John Balazs is an attorney in Sacramento, California, specializing in criminal defense, including appeals, habeas corpus, pardons, expungements, and civil forfeiture actions. After graduating from UCLA Law School in 1989, he clerked for Judge Harry Pregerson of the U.S. Court of Appeals for the Ninth Circuit. John was an Assistant Federal Defender in Fresno and Sacramento from 1992-2001. Please email EDCA items of interest to Balazslaw@gmail.com. Follow me on twitter @balazslaw.
This blog is for informational purposes only. Nothing in this blog should be construed as legal advice. The law can change rapidly and information in this blog can become outdated. Do your own research or consult with an attorney.
The Fresno Bee reports that "a federal judge on Monday upheld Keith Foster’s convictions for conspiring to peddle heroin and marijuana, ending chances that the former deputy chief of the Fresno Police Department will avoid prison."
The tale of how Col. Christopher De Los Santos came to kill himself on Oct. 11, 2015, has largely remained untold until now, with the filing of a lawsuit in federal court in Sacramento this month and UC Davis’ subsequent agreement to release internal documents about the matter to The Sacramento Bee. The internal documents largely confirm details contained in the lawsuit, but redact the names of the participants.
The lawsuit, filed on behalf of De Los Santos’ widow and children, blames the university for driving him to suicide. It claims he was notified by email on a Sunday morning – as he drove to church with his family – that he was being suspended after co-workers accused him of sexual harassment. The suit claims UC Davis discriminated against De Los Santos because he was a veteran, alleging that he was suspended and told to stay away from campus because officials were concerned he would “show up with a gun.”
UC Davis issued a statement expressing sympathy for the De Los Santos family but adding that it did nothing wrong in handling the sexual harassment claims that were filed against him in the wake of the retreat.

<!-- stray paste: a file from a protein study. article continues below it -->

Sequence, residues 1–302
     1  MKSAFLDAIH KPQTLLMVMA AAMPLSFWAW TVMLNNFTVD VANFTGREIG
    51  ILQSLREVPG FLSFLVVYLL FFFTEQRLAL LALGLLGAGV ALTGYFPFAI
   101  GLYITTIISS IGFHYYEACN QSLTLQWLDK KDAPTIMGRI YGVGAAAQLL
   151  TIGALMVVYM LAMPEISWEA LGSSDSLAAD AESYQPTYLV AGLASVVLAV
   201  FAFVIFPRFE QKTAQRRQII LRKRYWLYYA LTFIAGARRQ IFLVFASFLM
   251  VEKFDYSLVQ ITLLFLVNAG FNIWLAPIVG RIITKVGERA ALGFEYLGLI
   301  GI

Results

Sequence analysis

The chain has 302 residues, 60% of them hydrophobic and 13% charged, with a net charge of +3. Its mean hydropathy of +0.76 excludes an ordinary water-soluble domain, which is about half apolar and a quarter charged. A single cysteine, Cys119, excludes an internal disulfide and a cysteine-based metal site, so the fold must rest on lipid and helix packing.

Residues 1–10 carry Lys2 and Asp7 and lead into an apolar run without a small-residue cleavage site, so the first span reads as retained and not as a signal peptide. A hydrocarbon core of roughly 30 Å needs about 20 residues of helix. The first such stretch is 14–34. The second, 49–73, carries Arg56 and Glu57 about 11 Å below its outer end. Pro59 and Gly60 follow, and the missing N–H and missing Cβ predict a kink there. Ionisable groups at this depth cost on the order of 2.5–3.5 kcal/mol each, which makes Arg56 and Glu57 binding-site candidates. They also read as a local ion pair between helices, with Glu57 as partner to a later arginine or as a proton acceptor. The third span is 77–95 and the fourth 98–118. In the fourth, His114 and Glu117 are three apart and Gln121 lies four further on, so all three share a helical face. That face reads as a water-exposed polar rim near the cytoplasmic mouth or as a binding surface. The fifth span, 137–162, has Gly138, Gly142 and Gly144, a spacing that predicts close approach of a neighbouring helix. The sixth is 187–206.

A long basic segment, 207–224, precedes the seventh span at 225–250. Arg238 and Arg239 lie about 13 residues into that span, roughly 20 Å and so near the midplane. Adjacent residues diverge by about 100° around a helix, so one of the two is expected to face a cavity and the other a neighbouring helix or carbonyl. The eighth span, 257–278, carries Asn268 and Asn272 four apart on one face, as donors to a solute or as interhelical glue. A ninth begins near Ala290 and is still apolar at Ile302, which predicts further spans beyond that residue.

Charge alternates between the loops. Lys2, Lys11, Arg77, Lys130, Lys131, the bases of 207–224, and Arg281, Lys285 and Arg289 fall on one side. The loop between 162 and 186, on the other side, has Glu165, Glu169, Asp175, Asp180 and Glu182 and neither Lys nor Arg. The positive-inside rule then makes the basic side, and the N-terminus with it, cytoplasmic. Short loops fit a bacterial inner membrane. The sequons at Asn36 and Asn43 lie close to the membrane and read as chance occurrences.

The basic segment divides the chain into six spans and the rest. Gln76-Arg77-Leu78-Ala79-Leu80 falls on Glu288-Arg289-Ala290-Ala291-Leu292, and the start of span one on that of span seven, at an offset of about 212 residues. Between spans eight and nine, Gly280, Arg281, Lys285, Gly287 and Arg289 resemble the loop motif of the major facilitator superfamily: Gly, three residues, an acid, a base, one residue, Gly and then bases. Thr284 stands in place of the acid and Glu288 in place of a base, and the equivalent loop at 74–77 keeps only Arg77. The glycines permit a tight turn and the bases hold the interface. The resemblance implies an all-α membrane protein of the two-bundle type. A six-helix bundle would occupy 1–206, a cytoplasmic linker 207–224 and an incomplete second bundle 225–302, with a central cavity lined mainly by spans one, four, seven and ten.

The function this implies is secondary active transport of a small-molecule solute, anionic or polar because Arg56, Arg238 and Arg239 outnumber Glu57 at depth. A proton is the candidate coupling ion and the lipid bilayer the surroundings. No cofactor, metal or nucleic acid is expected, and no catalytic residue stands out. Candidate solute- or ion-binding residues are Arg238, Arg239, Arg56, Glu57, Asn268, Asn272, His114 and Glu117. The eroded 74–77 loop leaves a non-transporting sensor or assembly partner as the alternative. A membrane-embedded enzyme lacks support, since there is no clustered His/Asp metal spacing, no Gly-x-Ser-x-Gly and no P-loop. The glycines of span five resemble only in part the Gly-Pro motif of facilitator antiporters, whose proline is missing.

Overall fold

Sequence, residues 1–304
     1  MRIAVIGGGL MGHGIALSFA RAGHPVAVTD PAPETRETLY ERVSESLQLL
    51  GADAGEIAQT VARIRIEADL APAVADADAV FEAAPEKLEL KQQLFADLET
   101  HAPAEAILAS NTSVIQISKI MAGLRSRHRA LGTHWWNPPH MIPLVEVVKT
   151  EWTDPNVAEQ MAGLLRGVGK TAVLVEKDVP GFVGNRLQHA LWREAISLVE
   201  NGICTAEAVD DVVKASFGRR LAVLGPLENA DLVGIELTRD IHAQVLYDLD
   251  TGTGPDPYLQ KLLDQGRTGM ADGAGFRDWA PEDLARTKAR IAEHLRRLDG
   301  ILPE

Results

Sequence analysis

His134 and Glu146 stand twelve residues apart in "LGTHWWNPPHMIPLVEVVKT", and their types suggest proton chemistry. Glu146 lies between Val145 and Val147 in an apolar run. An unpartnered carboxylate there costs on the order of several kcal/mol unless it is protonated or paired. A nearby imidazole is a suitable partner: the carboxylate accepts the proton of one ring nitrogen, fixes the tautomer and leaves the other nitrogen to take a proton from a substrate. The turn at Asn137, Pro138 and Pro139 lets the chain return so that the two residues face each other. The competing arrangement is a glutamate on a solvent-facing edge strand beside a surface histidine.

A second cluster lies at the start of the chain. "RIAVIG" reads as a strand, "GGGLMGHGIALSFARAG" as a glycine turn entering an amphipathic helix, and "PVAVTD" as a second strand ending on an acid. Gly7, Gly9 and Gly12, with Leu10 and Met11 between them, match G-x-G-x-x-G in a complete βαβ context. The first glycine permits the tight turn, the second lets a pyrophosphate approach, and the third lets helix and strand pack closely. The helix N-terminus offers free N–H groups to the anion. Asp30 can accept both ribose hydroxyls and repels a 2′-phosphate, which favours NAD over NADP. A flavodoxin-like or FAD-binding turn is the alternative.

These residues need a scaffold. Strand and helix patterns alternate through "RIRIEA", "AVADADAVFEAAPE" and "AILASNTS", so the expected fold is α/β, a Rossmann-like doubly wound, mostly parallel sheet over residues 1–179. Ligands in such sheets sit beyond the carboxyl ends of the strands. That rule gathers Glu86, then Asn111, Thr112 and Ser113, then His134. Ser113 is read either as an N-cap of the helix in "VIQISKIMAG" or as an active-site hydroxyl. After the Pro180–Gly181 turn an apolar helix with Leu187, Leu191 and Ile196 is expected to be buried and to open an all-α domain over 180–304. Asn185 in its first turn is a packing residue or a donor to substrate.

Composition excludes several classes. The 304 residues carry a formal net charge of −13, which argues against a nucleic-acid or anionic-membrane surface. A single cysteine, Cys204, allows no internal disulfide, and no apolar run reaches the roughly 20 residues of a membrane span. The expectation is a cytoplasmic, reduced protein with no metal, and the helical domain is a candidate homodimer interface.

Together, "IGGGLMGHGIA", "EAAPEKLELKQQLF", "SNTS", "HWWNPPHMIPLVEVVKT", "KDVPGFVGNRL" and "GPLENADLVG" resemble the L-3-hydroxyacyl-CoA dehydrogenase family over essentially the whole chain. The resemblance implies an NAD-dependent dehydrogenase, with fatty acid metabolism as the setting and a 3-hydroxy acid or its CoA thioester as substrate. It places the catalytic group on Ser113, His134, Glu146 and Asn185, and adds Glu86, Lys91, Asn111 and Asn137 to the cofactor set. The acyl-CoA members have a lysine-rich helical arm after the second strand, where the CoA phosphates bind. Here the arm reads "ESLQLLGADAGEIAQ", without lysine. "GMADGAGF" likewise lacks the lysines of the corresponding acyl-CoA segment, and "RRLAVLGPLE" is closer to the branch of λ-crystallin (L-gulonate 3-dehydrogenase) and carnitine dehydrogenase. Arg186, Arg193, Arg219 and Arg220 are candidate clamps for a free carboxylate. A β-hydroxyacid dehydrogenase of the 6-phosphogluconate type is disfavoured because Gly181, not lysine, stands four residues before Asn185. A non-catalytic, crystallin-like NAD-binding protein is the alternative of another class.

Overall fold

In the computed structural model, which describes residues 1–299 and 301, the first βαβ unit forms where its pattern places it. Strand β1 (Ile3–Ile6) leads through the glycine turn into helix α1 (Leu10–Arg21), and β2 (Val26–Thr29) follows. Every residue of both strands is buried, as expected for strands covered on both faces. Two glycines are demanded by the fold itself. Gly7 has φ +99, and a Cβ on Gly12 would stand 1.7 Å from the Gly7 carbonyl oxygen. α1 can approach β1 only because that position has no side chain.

More than eight years ago, homeless men and women set up tents and bedrolls in an empty lot near downtown Sacramento to challenge the city’s ordinance against camping outdoors for more than a day at a time.
On Monday, their legal saga finally began to play out in court. Homeless people are plaintiffs in a civil lawsuit against the city of Sacramento, arguing that the camping ordinance is selectively enforced against men and women who have nowhere but the outdoors to sleep. The city’s behavior toward homeless people, they argue, violates the constitution’s guarantee of equal protection under the law.
Civil rights attorney Mark Merin said his long-gestating legal challenge, Allen v. City of Sacramento, is tentatively scheduled to go before a jury on October 23.
The civil lawsuit originated in late 2009, after Merin allowed nearly two dozen homeless people to take up residence on a vacant piece of property he owned in a light-industrial area of the city, according to appellate court documents and a phone interview with Merin. Merin gave them his written permission, brought in portable latrines and two service providers to offer care within the confines of the fenced lot. The deal was that Merin’s 22 guests could stay until they qualified for shelter.
Police officers enforcing the city’s ban on urban camping rousted the camp’s occupants with citations and the confiscation of their gear, which included tents and bed rolls. The campers returned, only to be cited again. The third time they came back, they were arrested.
Merin filed the lawsuit on behalf of his homeless guests, one of whom the suit was named for—Matthew Raymond Allen. Allen v. City of Sacramento alleged the city violated the homeless plaintiffs’ constitutional rights to sleep and due process.
A dog embroiled in a federal civil rights lawsuit got a kind of stay of execution this week when the city of Visalia – which views Armani the pit bull as dangerous – promised not to put him to death until a hearing next month before a federal judge in Fresno.
Kimberly Renee Stokes of Visalia filed her civil rights lawsuit Monday and asked federal Judge Dale Drozd on Tuesday to save Armani’s life by issuing a temporary restraining order against the city of Visalia. At the last minute, the city agreed to keep Armani alive for now.
Stokes’ lawyer, Marla Tauscher, breathed a sign of relief because city officials had planned to kill Armani on Tuesday. Now, the dog has a reprieve until Nov. 21 when Taucher will try to convince Drozd that Armani is worth saving.
The California Medical Board has accused a doctor who provided care at the Fresno County Jail with repeated negligent acts, including denying a wheelchair to an inmate who could not walk.
The medical board investigation found Dr. Michelle A. Thomas negligent in the care of five patients she saw at the jail in 2014 and 2015. If the accusations are upheld, the board could reprimand Thomas, place her on probation or revoke her medical license.